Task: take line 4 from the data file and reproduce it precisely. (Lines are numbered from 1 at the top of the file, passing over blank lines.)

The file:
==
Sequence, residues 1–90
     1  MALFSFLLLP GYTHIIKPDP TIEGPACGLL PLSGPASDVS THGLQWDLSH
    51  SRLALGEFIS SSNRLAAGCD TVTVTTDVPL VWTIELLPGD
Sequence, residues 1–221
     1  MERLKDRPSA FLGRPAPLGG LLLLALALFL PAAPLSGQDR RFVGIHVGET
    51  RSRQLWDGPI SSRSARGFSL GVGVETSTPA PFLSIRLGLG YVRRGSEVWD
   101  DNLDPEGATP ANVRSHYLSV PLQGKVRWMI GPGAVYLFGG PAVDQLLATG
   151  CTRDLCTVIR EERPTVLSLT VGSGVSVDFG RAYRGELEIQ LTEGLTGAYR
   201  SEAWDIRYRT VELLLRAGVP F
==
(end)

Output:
Sequence, residues 1–221